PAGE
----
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The 2M’s decision this month to remove 6% of westbound capacity on the Asia-North Europe tradelane will not be enough to push up freight rates, but should “temper the decline”, said Drewry.

Container spot rates on the route have slumped by 18% since the end of August and now sit at some $766 per teu, just ahead of next week’s Chinese Golden Week holiday which traditionally heralds the slack season.

Drewry said 2M partners Maersk Line and MSC had “ridden to the rescue of the market” by temporarily suspending the AE2/Swan service , taking out over 19,000 teu of capacity a week.

According to the consultant, westbound volumes by the end of July had recorded a year-on-year 1% decline, due, it said, to “lacklustre demand” in the key import markets of Germany and the UK.

And this negative growth had been exacerbated by the continued influx of new ultra-large tonnage, resulting in headhaul utilisation levels falling to an average of 84%, compared with 91% a year ago.

The capacity management endeavours of the 2M, Ocean and THE alliances to “prop up utilisation with ad-hoc skipped sailings” would, said Drewry, have been sufficient to arrest the rate slide.

It said for the spot market to “gain traction”, another loop would need to be culled and that the Ocean Alliance, with a 35% market share, was the obvious candidate.

But, it added, it “remains to be seen” whether CMA CGM, Cosco and Evergreen would be “prepared to cede market share for the greater good”.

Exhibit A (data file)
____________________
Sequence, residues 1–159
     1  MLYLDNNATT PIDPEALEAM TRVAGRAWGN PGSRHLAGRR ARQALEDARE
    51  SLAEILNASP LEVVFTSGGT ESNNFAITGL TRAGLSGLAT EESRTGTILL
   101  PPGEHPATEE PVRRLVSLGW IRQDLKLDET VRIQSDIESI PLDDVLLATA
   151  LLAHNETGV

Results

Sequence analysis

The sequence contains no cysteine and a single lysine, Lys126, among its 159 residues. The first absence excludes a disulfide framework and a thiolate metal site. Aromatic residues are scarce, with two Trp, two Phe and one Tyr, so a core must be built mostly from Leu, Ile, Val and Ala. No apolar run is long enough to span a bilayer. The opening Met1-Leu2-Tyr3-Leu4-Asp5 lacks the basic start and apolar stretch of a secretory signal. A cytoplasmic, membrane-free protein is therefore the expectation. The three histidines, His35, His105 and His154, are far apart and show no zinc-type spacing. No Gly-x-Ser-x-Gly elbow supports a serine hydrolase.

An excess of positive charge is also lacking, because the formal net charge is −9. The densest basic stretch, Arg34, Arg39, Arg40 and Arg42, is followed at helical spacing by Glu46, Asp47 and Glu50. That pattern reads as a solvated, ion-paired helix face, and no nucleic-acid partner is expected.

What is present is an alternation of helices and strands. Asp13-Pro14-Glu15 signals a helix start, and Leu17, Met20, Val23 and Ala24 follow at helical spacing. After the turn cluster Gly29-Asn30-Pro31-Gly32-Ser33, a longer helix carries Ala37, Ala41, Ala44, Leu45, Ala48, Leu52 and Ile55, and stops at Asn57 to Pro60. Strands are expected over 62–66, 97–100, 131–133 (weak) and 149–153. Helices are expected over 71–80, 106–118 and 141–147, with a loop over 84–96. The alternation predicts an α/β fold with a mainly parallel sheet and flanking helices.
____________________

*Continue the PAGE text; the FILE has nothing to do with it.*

Indeed, the French carrier has recently announced a discount on its Asia-North Europe FAK from today, suggesting it is prepared to battle to fill its ships.

Meanwhile, reacting to speculation concerning the future employment of the 19,000 teu ULCVs on the AE2/Swan loop, Maersk has confirmed to Drewry that its three vessels will be cascaded into the 2M’s AE1/Shogun string, replacing smaller units of about 17,500 teu, which would then either be idled or sent to drydock for maintenance.

MSC had not responded to Drewry before publication, but there have been rumours circulating that the carrier might take the opportunity of a gap in the employment of the vessels to arrange the installation of exhaust gas cleaning systems (scrubbers), given this is the owner’s declared preferred option to comply with the IMO’s 2020 0.5% sulphur cap regulations.

Elsewhere, HMM, as slot charterer on the 2M Asia-North Europe service, is facing a challenging period during the suspension of a complete loop of a service offering.

The South Korean carrier launched a standalone Asia-North Europe (AEX) weekly service in April using a 5,000 teu panamax vessel. However, in July it decided to discontinue the call at Southampton, due it said to “reliability and schedule integrity” issues.

But last week, The Loadstar was advised by HMM that the direct Southampton call on the AEX service would be reinstated from the middle of next month.

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